3D Printing Speeds Product Development Cycle for Tuberculosis Diagnostic Device

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Sometimes projects don’t work the way you want or need them to the first time, and as the saying goes, if at first you don’t succeed, try, try again. The Global Good Fund, a collaboration to develop technologies for humanitarian impact between Bill Gates and global invention company Intellectual Ventures (IV), recently turned to Carbon and its CLIP technology to get the job done right when their first attempt at making the case for an affordable, easy-to-use diagnostic device for TB proved to be too expensive and slow.

“Technology is the closest thing to magic we have in the real world, and Global Good wields its inventive magic to change the lives of those who need it most—the billion-plus who struggle on the bottom rungs of the economic ladder,” said Nathan Myhrvold, the Founder and CEO of Intellectual Ventures. “We’re always looking for ways to bring our ideas to market faster and at lower cost. Carbon is helping us do that.”

According to the 2016 Global TB Report by the World Health Organization (WHO), 10 million people around the world contracted TB in 2015, with 41% of that number going either unreported or undiagnosed – which means untreated. Most of these people live in the developing world, and the report shows that this lack of reporting and diagnosis is a critical gap in the fight against TB. That’s why Global Good is working to develop an early TB diagnostic device for the countries that don’t have a quality healthcare infrastructure.

The goal of Global Good and IV Lab scientists was to develop an accurate diagnostic method for the disease that costs less to manufacture, is easy to use, and works more quickly than traditional diagnostic methods. The team got their idea for the new product design from lateral flow assay tests that already exist for home pregnancy tests and malaria diagnostic devices.

Tuberculosis diagnostic cassette, 3D printed using Carbon technology.

The design for the TB test calls for a urine sample, rather than sputum collection, to detect a TB biomarker, and contains a lateral flow strip, with detection reagents, inside a thin plastic cassette. The product development team at IV Lab traditionally uses a four phase product development cycle:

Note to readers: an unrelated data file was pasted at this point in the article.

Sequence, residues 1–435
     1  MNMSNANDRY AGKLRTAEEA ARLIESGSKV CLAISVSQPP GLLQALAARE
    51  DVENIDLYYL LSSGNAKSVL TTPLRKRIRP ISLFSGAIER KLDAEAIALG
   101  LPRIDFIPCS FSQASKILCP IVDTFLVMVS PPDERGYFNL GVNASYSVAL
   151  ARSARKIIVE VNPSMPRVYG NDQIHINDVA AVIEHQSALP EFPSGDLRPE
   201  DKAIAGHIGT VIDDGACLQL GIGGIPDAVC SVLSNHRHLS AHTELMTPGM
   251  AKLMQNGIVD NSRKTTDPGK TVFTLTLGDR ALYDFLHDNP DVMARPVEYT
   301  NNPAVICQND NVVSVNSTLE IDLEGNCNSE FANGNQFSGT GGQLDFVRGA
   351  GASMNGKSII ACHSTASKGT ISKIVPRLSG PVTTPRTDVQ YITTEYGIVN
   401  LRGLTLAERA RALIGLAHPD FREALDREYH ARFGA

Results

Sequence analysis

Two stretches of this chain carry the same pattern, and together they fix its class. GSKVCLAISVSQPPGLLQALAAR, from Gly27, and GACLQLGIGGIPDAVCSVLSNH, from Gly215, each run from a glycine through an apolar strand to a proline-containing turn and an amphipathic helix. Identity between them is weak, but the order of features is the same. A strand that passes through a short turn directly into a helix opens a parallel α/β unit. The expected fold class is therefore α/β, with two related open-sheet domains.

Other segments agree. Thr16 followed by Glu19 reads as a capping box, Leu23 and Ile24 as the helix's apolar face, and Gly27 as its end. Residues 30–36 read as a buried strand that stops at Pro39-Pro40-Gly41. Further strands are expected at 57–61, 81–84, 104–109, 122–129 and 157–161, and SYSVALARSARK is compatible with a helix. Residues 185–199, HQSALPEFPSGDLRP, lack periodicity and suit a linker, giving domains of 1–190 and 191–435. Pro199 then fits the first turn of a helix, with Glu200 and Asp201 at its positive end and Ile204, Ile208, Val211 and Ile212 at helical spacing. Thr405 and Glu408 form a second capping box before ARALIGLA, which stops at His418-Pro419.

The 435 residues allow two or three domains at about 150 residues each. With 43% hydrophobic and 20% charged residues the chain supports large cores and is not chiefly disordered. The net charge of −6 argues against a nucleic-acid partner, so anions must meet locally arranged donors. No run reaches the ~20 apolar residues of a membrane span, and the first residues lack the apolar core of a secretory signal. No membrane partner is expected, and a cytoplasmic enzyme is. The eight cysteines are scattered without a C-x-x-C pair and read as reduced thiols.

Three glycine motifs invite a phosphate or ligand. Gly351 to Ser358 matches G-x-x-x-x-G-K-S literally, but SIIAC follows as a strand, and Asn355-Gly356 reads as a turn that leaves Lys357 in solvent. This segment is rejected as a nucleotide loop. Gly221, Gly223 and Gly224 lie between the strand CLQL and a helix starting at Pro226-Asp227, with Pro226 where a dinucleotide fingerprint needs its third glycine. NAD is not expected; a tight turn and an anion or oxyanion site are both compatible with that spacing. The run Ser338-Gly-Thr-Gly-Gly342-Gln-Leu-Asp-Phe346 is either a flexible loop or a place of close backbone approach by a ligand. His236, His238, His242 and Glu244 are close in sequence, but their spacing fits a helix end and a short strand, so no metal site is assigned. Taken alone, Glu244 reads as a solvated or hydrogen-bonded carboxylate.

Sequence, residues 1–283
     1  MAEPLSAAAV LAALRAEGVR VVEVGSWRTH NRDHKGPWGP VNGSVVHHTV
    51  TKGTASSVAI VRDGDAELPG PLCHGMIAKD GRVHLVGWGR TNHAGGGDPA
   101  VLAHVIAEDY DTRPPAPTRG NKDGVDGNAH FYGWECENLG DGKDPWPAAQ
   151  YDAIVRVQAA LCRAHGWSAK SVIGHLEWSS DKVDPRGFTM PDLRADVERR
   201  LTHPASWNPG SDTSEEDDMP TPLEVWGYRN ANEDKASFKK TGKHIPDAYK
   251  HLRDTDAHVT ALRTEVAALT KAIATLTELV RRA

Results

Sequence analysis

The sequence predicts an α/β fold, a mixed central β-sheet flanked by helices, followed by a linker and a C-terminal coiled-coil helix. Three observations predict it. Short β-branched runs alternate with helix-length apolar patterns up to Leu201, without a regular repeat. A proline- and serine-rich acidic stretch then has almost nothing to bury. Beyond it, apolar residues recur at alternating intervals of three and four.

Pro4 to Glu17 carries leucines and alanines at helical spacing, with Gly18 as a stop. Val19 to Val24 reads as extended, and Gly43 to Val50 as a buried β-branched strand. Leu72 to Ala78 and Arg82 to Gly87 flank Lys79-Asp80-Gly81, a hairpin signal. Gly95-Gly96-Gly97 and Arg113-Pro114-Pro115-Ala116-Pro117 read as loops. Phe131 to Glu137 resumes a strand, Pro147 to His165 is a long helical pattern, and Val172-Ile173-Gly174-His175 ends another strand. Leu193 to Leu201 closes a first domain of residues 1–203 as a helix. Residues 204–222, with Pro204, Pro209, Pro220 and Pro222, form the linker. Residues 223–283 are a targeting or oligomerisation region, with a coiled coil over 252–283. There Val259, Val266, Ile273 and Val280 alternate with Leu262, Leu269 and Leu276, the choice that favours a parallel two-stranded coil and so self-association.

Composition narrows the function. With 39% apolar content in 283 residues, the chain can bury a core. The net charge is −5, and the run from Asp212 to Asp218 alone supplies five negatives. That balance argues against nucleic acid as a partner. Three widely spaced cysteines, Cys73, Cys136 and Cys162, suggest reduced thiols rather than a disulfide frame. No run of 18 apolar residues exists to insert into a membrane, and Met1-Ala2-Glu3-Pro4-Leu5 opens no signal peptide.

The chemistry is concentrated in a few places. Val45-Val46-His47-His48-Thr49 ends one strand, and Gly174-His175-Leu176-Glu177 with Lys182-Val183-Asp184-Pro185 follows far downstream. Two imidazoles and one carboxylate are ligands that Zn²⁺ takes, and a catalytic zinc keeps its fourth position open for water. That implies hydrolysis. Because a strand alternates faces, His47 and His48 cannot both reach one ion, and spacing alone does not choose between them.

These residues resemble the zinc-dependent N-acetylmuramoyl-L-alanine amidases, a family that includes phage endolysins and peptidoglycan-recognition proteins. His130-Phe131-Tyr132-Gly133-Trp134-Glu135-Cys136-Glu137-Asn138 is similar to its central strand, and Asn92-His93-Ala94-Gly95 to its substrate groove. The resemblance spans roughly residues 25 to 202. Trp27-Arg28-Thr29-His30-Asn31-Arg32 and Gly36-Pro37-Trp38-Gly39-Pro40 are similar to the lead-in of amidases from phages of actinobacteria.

1. Design and prototyping
  2. Mold development
  3. Injection molding product manufacturing
  4. Field testing

IV is no stranger to 3D printing technology, and uses an FFF method to create prototypes for its inventions, like the TB diagnostic device, before turning to short-run injection molding for the final part. But, when it came to the TB cassette, this usual prototyping approach was taking too long, and, according to Carbon, each long injection mold iteration costs around $25,000 per mold. In five months, the IV Lab team only completed a few iterations, and ran into trouble with mold failures and delays related to modifying the molds, which also cost money – not the best solution when the goal is design a product that is cost-effective.

A lateral flow strip is placed between the two 3D printed parts of the diagnostic cassette housing.

Looking for a more efficient way to manufacture the device, the IV Lab team turned to Carbon and its DLS-powered M Series 3D printer. The company’s industrial 3D printer design and powerful software helped IV Lab get back on track right away, and it took the team less than a week to 3D print its first cassette design. IV Lab also took advantage of Carbon’s end-to-end digital manufacturing process to complete 10 product design iterations, using Carbon’s Rigid Polyurethane (RPU 70) material, in half the time its traditional approach took.

Side scuttle 3D printed in RPU material

Thanks to Carbon’s flexible, on-demand manufacturing, IV Lab had no constraints for minimum order quantities of parts, decreased material waste, and no parts inventory maintenance. The team was able to use the same materials and 3D printers for all parts of its product development cycle, from iterations and functional validation to manufacturing the final part.

According to Carbon’s case study, “Traditional manufacturing requires different materials and different technologies at each stage, which results in reduced flexibility, long delays, and operational inefficiencies. Leveraging Carbon’s technology, IV Lab was able to reduce end-product costs significantly while increasing the number of product design iterations by two to three times. The cost reduction is a phenomenal achievement for IV Lab given the mission to create a low-cost solution for the developing world.”

By working with Carbon to move from slow, inefficient traditional manufacturing to 3D printing, the IV Lab team and Global Good were able to successfully field test over 1,000 3D printed TB diagnostic tests. They met their goal of developing a product prototype that could be tested in the field—bringing the team one step closer to delivering a low-cost, easy-to-use and fast TB diagnostic device, which will be instrumental in diagnosing people in developing countries, and one day ridding the world of the disease.

What do you think of this case study? Let us know your thoughts; join the discussion of this and other 3D printing topics at 3DPrintBoard.com or share in the Facebook comments below.

[Images: Carbon]

 

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